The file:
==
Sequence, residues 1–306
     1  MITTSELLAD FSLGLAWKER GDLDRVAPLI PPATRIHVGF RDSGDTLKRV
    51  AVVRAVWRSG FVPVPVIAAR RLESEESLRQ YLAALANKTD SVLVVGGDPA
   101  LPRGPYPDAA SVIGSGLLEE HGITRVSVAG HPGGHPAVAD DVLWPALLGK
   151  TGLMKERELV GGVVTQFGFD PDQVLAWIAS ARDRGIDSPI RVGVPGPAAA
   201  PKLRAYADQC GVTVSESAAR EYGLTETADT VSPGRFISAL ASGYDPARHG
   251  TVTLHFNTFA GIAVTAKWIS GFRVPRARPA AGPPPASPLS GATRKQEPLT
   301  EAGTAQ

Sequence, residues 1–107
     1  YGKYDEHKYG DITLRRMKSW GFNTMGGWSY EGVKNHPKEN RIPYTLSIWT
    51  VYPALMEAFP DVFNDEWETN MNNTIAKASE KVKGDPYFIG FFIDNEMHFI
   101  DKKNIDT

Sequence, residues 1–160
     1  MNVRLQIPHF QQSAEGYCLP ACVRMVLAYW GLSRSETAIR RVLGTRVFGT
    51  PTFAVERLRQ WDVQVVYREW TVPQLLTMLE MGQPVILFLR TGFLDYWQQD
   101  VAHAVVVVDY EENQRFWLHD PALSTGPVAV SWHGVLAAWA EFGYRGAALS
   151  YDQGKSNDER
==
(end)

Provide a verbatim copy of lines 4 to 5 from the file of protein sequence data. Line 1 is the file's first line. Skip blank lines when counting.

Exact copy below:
   101  LPRGPYPDAA SVIGSGLLEE HGITRVSVAG HPGGHPAVAD DVLWPALLGK
   151  TGLMKERELV GGVVTQFGFD PDQVLAWIAS ARDRGIDSPI RVGVPGPAAA